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12/13/02 - Daily Business Review.

Activists leading a recall effort against Miami City Commissioner Arthur Teele Jr. got a boost from a major South Florida developer, Martin Z. Margulies.

By: Alina Matas

Margulies, who is building the Bellini on the Ocean condo tower in Bal Harbour, has contributed $1,000 to the group.

"I don't really feel he's doing the district any good," Margulies said about his help to the recall organizers.

Teele didn't return a phone call seeking comment.

The developer crossed paths with Teele last year when he was seeking city approval for the Overtown Youth Center, which is in Teele's district. The center is now open in the northeast corner of Gibson Park, at Northwest Third Avenue and 14th Street.

"He wasn't cooperative, considering this is a vast improvement for the area," Margulies said.

Teele voted in favor of the $3 million youth center, which got built with a $2.5 million donation from Margulies, and with operation costs funded through charities run by Miami Heat star Alonzo Mourning.

But the developer hasn't forgotten the approval process. When the project was presented to commissioners last year, the vote got delayed twice at Teele's urging. A neighboring church pastor opposed the project, saying city leaders years before had promised him the property, a claim city officials never confirmed. Teele said the pastor had a right to be heard before commissioners voted. The pastor later withdrew his opposition.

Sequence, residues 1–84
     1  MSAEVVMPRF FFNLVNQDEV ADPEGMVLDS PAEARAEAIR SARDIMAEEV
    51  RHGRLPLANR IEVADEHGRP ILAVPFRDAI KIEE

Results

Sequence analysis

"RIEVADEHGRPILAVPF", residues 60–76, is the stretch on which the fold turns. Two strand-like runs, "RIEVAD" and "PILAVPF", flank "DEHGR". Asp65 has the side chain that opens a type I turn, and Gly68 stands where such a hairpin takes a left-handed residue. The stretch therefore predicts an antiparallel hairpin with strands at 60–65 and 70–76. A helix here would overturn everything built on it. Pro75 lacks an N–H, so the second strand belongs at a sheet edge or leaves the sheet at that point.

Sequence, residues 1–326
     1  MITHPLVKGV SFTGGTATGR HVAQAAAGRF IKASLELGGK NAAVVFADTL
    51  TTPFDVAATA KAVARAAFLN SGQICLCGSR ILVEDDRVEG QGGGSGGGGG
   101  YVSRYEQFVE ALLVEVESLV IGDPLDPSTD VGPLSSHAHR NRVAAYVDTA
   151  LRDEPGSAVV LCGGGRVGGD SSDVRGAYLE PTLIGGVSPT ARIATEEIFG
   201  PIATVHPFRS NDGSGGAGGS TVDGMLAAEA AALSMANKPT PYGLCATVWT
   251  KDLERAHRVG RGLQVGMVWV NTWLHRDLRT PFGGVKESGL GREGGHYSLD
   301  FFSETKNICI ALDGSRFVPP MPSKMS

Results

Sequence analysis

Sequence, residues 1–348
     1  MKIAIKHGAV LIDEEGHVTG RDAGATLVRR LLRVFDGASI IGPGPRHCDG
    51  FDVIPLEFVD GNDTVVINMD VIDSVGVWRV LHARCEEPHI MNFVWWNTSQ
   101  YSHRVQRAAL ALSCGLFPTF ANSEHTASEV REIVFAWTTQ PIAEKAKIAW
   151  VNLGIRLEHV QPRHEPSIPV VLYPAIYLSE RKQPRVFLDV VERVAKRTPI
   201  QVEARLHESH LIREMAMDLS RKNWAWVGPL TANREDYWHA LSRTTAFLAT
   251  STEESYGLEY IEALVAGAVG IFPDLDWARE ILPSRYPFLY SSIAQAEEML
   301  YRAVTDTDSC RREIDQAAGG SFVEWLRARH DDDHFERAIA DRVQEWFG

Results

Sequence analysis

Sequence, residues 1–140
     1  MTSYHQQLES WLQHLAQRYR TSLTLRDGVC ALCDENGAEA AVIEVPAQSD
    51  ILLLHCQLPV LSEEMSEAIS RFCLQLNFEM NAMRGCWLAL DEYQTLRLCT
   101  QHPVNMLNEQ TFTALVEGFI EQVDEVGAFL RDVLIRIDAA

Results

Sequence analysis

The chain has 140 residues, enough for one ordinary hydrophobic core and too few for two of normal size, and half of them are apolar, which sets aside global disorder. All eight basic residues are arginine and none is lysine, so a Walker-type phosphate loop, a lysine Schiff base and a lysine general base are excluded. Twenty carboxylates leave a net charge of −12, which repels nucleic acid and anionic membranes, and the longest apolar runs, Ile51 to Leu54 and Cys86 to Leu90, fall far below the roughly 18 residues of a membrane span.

The recall organizers say Teele hasn't delivered on his promises of economic revitalization for his district, which includes Overtown, Liberty City and Little Haiti. The group has completed the first step of the recall process by collecting about 2,500 signatures, or more than 5 percent of registered voters in Teele's district. The signatures have been submitted for validation to the county elections office.

Henry Crespo Sr., president of the Miami-Dade Democratic Black Caucus of Florida, and one of the organizers of the recall, said Margulies' $1,000 was one of heftiest contributions of the $5,000 or so the group has collected. And it didn't take any arm-twisting.

Crespo said the developer simply asked him how much he wanted. Crespo asked for $1,000. A few days later, a check arrived in the mail.

Said Crespo: "I should have asked for $5,000."